Looking at the longer period from 1984 to 2013 we can see that the labor participation rate for men is down about 5% and the rate for women is up about 6%.  

If we break it into different periods before and after 1999 we see different trends.   From 1984 to 1999 the labor rates of men and women were going in opposite directions.   We had more women working and fewer men.     Then starting in 1999 the labor participation rate of both men and women started to decline at a similar rate.     Or looking at it another way you could say that women joined men in leaving the workforce.


May 21, 2013

My Family's Track Record with College

My generation is the first generation in my family to really go to college.  We've had mixed levels of success.

In my parents generation only one person went to college.  My mother got a two year degree from a bible college.  My mother was mostly a stay at home mom but she did work later when my sister and I left the nest.  I'm not sure if that degree helped my mom in her jobs or not.  Nobody on my fathers side went to college at all so my mother was the lone exception.

In my generation myself and four others went to college.  Here's our history with college success or non-success (I won't label them with names, but just refer to them by numbers) :

#1. Did not do well in high school and did not go to college.   = high school diploma
#2. Went to college on a merit scholarship for maybe a year but she did not apply herself and then dropped out. = maybe 1/2 to 1 year of college

#3. Went to college full or part time over one or three years and eventually dropped out to work full time and get married. = probably 2-3 years of college
#4. Obtained a professional degree in the health care field and has had a good job ever since then = professional degree

#5.  Got a bachelors in a very competitive field and then realized there were zero job opportunities out there and then later got a masters. She is marginally self employed in her field. = graduate degree

#6 Then for myself, I have two bachelors degrees in STEM majors and I'm employed with a good job. = bachelors degree

5 out of 6 of us went to college.
Among the 5 who did go to college : 
2 out of 5 who went to college dropped out
2 out of 5 of us who went to college benefited with good paying jobs
1 out of 5 went to grad school but hasn't substantially benefited financially from college

Thats not a very good track record.

HALF of my generation in my family made a financial mistake in going to college and either dropping out or picking a major with far too much competition and too few jobs.

Of course this is just a very small group of six people and its entirely anecdotal.  However I think the experience of my family is relatively common.

What lessons are there here?

First for #5 they did not pick a good major.   They ended up in college for around 6 years total and are not making a great income after the fact.  Overall college has not helped them financially and they'd have been better off picking a career that didn't require college or a trade that only requires a two year degree.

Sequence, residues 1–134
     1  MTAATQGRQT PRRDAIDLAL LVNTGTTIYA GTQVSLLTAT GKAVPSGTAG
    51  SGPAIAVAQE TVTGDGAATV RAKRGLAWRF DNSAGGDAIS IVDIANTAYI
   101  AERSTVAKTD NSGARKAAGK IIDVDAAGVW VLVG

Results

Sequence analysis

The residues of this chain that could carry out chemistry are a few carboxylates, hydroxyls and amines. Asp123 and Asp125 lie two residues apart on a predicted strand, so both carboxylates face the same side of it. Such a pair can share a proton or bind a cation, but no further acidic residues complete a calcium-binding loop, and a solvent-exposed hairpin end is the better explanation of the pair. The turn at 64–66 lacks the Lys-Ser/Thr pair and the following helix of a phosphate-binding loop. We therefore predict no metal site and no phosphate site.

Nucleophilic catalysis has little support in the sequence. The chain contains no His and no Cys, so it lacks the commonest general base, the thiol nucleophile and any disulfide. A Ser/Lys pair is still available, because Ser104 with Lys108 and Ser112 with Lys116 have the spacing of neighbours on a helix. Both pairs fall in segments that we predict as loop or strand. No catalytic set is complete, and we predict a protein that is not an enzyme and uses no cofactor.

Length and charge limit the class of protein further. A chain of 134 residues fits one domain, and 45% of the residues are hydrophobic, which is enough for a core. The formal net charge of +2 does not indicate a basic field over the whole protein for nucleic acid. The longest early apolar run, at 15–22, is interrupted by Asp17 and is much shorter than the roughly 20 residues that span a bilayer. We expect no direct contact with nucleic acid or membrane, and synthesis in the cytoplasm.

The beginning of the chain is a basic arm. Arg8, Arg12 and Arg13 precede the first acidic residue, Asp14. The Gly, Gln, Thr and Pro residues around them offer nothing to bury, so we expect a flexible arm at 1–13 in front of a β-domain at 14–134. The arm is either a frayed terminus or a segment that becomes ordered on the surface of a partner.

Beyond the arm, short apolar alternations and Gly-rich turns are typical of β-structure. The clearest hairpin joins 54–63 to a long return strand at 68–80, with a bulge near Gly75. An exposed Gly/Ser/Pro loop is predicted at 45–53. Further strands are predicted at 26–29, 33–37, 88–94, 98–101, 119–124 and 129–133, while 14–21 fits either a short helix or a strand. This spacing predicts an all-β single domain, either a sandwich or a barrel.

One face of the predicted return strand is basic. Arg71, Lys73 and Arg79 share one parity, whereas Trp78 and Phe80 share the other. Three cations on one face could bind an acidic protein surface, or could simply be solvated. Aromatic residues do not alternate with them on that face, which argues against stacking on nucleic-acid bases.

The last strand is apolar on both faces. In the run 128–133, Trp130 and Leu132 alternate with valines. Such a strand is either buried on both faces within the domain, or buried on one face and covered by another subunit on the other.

The #2 example was someone who simply screwed around too much and did not apply themselves.   I'm not sure what the lesson to learn from there is other than don't screw around too much in college.

For #3, I'm not sure what the solution there was either.   I think the solution may have been not to go to college in the first place.   It was not however that they weren't qualified, but it just didn't work out for them due to a combination of factors.   Sometimes things just don't work out as you planned them.  

Of course anecdotal data like this doesn't really mean all that much.   But I think theres good examples of how college may be a poor choice.  Whether you're not mature enough to work hard, or if you pick a bad major choice or if life simply takes you another direction.    WE also have examples of where college has been a great choice for myself and one other.  WE obtained high demand degrees and have had gainful employment with good incomes ever since.


May 19, 2013

How A Highway Spending Act Magically Made Private Pensions Healthier

My wife has a pension from a previous employer. Its not much of a benefit because the length of employment wasn't very long and she's many years away from retirement age.  But because she is vested in this small pension benefit she gets the pension plans annual funding notice.    The notice came in the mail recently.   In 2011 the plan was only funded about 80% and then in 2012 the funding went up to 100%.  

You'd think thats awesome right?   I assumed that the company must have done a great job with the plan assets or added funding to the plan to beef up its funding level.   Its now 'fully funded' and can pay its liabilities.  Great job.   Wait a second.   Reading past the funding liability table I see the statement said something about law changes and implementing changes from something called 'MAP-21'... yadda yadda... todays low interest rates... blah blah... allows the plan to use average interest rates over the past 25 year period... etc.    Hmmmm...   So whats that all mean?

First, what is MAP-21?

MAP-21 is the short hand name for the 'Moving Ahead for Progress in 21st Century Act'.   And that name really tells us nothing.  At least it beat out the marginally less popular 'Moving Back to the 18th Century Act'    The MAP-21 act is a transportation spending bill.   So whats that got to do with our pensions?    Well to pay for the highway bill they had to balance the books so they threw in a couple pension changes that actually raise tax revenues.  Bear with me...    The changes made it so that employers would have to put less money into their pensions and because the pension contributions are tax deductible that would result in higher tax revenues.   So naturally your pension is now better funded... If you aren't confused yet then you may have a career ahead of you in the D.C. area.  

OK So WHY is the Pension BETTER Funded?

The key provision in MAP-21 related to pension funding was a rule change that allows pension plans to use an average interest rate over the past 25 years instead of using current interest rates.